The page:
Bluetooth Beacons and Wireless Routers

Bluetooth Beacons and Wireless Routers

Bluetooth Beacons and Wireless Routers

 

This article explains how Bluetooth beacons and wireless routers function. Both Bluetooth beacons and wireless routers are a standard type of device offering access and they can both interact with a local network of devices. If you have a business and you need to be tied to a local network of your company then you need a wireless router. Therefore, a wireless router is a type of equipment that can be used in a local network when necessary.

For example, your goal is to share the internet to a pair of buildings, and you do not want to put a cable between the two buildings, so you may wonder how to proceed. It may be necessary to provide an outdoor antenna gain in the second building. depending on the topology of places. Also, it is better to be in direct view between the two to make a decent bridge, but if the distance is not very large in your case it should work regardless. Then the wireless router will launch a protocol in the network and that will give an individual a number on the net.

In the first building, you should intend to place a shared Wifi router, and you should put an access point in the second building so that both can communicate. Via a wifi router, you should have a network listed via wifi and the network on the local network side. For example, with your local network of your box and an access point of the box, you are in one network.

Then connect the network port called “WAN” of the router to the network port called “LAN” of the modem or the box. These other local networks can be subnet networks of your own local network or networks that have nothing to do with your local network. All these devices have as gateway the IP address of the box, and when an equipment wants to communicate with a machine that is not in the same IP plane, it sends the IP packets to the box that will follow on its WAN interface (ADSL for example).

When deployed inside a building, Bluetooth beacons allow users to create a user micro-location service that allows them to communicate contextualized information in a proactive manner. The vast majority of beacons are based on the same recipe: a compact object, two to three centimeters wide and a few millimeters thick, easily added to a key ring. They often cost around $25 and promise to help you find your belongings, by warning you when you forget them and by telling you where they were seen last.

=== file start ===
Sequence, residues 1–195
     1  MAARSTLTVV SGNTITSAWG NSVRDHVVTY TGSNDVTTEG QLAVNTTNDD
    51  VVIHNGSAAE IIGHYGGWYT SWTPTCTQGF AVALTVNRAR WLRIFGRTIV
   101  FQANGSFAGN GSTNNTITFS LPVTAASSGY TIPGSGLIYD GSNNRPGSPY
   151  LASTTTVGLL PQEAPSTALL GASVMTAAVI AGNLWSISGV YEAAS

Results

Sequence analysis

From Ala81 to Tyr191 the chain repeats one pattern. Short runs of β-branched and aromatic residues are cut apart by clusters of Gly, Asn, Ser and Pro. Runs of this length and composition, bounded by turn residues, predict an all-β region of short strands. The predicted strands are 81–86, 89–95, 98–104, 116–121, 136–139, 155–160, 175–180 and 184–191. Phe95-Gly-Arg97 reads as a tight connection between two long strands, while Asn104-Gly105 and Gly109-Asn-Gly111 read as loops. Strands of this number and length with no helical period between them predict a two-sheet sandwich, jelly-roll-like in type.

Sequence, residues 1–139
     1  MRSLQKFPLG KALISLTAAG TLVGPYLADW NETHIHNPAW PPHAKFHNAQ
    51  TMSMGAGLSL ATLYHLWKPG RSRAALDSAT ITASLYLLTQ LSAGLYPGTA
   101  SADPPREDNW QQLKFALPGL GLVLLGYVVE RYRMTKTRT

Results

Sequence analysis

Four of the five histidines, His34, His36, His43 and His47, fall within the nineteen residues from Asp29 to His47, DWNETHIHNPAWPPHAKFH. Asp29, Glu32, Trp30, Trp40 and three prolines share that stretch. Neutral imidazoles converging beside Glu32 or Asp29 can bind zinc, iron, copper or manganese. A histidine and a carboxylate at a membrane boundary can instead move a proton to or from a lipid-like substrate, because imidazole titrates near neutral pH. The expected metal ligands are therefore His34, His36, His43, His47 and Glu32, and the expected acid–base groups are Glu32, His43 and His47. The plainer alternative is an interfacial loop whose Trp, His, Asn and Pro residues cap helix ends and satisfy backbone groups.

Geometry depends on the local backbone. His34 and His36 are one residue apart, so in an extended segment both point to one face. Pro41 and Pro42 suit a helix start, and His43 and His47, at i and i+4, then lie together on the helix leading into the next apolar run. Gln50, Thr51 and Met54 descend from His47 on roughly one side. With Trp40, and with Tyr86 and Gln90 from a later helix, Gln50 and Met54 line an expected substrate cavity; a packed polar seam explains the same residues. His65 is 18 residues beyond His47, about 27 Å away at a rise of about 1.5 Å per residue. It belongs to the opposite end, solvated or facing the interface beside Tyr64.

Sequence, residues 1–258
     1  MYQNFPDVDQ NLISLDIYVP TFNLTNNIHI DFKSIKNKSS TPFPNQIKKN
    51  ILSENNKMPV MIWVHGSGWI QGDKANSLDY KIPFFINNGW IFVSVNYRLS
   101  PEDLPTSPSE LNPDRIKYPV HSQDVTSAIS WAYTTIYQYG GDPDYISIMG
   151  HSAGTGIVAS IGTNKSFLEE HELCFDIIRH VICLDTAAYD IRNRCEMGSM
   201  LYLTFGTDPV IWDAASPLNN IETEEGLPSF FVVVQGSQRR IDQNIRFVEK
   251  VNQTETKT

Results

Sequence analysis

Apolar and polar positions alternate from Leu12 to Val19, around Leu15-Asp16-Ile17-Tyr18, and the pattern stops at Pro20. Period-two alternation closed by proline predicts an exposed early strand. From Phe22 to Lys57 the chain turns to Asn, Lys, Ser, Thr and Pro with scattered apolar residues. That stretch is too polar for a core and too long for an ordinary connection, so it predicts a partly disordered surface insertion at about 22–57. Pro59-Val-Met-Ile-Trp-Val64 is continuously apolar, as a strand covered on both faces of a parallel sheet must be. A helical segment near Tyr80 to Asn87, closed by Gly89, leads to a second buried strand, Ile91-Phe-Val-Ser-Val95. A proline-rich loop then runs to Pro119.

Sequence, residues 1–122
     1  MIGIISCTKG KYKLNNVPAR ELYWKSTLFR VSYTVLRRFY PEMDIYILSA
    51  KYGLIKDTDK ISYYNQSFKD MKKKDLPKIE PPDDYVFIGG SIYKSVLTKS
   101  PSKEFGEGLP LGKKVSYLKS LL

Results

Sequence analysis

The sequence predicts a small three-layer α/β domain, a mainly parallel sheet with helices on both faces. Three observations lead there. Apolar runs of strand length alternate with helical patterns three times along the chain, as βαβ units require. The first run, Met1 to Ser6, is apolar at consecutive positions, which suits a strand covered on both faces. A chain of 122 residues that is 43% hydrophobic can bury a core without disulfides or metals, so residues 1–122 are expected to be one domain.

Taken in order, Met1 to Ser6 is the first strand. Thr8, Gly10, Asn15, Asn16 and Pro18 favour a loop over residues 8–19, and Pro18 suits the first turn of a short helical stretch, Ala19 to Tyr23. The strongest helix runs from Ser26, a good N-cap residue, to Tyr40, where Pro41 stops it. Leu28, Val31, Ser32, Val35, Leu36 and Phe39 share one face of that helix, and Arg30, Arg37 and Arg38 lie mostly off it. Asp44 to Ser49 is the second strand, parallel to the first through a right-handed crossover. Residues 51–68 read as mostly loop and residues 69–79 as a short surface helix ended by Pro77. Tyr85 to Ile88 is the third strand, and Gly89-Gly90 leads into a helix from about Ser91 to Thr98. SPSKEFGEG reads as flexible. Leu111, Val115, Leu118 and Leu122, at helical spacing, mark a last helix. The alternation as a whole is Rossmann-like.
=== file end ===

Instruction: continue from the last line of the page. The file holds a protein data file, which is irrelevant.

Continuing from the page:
Beacons with only a Bluetooth link usually cost less than $25, and those with a long-range link are much more expensive, especially if they also include a GPS receiver. For example, businesses located in a shopping mall can use a beacon to send promotional offers to a nearby customer. It is also a bidirectional link, allowing some beacons to contact the phone to which they are paired. Thus, not only can the smartphone find the beacon, but the beacon can also ring the smartphone, in case you forget it under the cushions of the sofa.

 

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Steve Boullianne, High school drop-out. College drop-out. A go-go dancer in Amsterdam. LOVED computers, programmed satellites for AT&T. Founded IPSOFACTO in 1996, Y2K boom, Dot-Com boom, 2.0 boom. Likes his smallish company and human relationships; not into big anonymous IT. Loves to tell jokes. Loves and Hates technology; pick up the phone, ok? Thinks on line hook up sites have saved the world from AIDS and DateRape. Thinks his kids are better collaborators and world leaders thanks to video games. Is still a hip-hop dancer; is NOT a Brony. Loves San Francisco; Hates the homeless crisis. Tells young people to buy real estate, as soon as possible. Don’t rent. Hopes his final years are spent handing out blankets, food, clothes, and medical supplies.